Who is the South Asian entrepreneur?
The Entrepreneurs’ Organization (EO) connects bold businessmen from all around the world: over 12,000 members from 54 countries who have made a minimum annual turnover of $1 million, the one requirement to become a member of EO. Global Chairman of EO Brian Brault says it brings together people who have been in business for a while and have certain experiences to learn from each other and grow: a support group of sorts.
Now, he’s on a journey through the South Asian region, where EO has 20 chapters. Brault paid a brief two-day visit to Sri Lanka, EO’s second latest addition since August this year, to meet some of the South Asian entrepreneurs.
YOUNGER THAN OTHERS
Within EO, entrepreneurs in South Asia are much younger than the global average of 43 years old. In Sri Lanka, it’s currently around 33. In fact, last year’s SLASSCOM study found that 75% of all Sri Lankan entrepreneurs are between 20 and 35 years old. That is one of the reasons why Brault wants to make organisation more welcoming to entrepreneurs under 30. “Millennials have an amazing outlook on life.” He believes it is a great opportunity for more experienced members to mentor their younger counterparts and help them navigate the early stages of starting a business.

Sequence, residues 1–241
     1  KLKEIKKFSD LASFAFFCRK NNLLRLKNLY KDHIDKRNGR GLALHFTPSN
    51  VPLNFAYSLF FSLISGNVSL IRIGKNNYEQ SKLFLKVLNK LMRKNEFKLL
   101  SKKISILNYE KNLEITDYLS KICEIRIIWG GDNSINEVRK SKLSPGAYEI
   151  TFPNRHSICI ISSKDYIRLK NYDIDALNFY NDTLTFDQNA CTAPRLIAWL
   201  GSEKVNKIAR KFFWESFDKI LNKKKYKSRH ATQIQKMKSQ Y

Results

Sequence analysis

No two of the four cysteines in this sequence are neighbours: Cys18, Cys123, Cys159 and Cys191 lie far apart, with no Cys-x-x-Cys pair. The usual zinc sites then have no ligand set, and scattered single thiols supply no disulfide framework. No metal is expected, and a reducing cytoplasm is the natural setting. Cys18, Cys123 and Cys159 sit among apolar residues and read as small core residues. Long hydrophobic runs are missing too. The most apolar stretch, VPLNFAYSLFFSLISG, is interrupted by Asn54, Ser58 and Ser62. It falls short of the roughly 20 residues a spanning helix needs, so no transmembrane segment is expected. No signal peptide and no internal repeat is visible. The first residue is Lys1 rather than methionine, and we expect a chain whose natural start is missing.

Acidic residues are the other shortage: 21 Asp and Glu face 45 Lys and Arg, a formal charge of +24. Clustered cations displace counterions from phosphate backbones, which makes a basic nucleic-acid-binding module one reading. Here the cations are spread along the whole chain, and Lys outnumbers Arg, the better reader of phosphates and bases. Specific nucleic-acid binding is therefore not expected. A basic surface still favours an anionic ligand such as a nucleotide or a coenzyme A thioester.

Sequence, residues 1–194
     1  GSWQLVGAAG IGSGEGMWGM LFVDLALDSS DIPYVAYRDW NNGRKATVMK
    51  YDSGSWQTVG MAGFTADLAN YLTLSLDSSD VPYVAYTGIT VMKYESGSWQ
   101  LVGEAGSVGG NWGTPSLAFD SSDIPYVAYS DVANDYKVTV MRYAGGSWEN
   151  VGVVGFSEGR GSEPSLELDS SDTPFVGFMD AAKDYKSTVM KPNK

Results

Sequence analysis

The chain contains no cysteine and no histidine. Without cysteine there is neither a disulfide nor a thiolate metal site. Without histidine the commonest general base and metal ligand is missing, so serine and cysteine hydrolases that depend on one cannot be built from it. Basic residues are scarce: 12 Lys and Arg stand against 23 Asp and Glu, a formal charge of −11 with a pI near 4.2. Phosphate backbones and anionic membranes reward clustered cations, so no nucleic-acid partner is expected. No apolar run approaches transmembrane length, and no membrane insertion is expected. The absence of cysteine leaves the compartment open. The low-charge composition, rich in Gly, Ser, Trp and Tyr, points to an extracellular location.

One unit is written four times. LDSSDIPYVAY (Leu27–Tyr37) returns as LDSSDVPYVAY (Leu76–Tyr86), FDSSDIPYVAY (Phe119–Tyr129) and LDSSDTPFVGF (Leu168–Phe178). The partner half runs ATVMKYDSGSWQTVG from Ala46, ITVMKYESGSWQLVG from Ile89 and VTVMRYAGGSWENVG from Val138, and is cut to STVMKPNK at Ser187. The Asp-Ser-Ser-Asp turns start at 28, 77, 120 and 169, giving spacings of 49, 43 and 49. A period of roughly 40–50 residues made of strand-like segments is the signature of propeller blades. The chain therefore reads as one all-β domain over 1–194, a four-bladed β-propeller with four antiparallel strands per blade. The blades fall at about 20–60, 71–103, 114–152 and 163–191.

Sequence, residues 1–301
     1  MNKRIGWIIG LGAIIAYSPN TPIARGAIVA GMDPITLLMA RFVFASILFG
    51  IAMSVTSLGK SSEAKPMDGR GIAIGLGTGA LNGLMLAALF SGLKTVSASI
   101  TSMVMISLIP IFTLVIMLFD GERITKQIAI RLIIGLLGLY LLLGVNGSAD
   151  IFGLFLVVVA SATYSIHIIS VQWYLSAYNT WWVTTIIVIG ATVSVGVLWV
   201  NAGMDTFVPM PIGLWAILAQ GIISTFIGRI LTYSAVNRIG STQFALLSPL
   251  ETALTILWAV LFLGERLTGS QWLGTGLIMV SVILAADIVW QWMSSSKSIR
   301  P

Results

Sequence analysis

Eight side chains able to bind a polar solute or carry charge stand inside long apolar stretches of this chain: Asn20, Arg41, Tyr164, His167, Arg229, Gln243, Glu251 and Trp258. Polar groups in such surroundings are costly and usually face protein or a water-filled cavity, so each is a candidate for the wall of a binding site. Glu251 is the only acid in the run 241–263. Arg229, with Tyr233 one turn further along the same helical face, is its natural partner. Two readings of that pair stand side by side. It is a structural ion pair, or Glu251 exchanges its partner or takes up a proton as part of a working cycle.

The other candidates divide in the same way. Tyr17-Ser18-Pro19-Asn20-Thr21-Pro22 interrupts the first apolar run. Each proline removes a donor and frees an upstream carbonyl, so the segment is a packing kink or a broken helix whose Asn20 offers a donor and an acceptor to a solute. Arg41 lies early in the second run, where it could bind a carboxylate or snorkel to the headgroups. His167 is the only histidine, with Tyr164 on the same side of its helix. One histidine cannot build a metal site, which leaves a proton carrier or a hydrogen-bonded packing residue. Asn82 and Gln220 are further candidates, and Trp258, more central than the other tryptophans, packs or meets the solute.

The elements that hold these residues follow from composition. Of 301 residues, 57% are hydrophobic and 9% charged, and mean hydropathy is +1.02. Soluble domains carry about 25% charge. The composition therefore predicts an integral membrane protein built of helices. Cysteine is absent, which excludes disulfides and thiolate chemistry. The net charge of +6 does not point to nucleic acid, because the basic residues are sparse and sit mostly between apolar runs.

RUNNING A FAMILY BUSINESS
An EY survey suggests that family businesses employ 57% of employees in listed companies in South Asia. According to Brault, it’s no different within the organisation. Many of their South Asian members are part of multi-generational family businesses, ranging from second to third and fourth generations. In Sri Lanka, this trend is slowly changing towards self-made businesses. “I’ve met some amazing people here who are first-generation entrepreneurs,“ he says. “Some of them come from a long tradition of a family business, but decided to start their own.”
WITH A GOOD CAUSE IN MIND
Social businesses have become a global trend, and another big focus of EO this year. In September, EO partnered with the UN and encouraged their members to focus on the 17 Sustainable Development Goals. Brault believes people with an entrepreneurial spirit are also the ones who can solve the world’s biggest problems. The Learning Chairman of EO Sri Lanka, Nikhil Hirdaramani, who is engaged in the Sustainable Apparel Coalition, adds that trends are already changing. “With news about global warming and the floods we are facing, there is a lot more awareness.”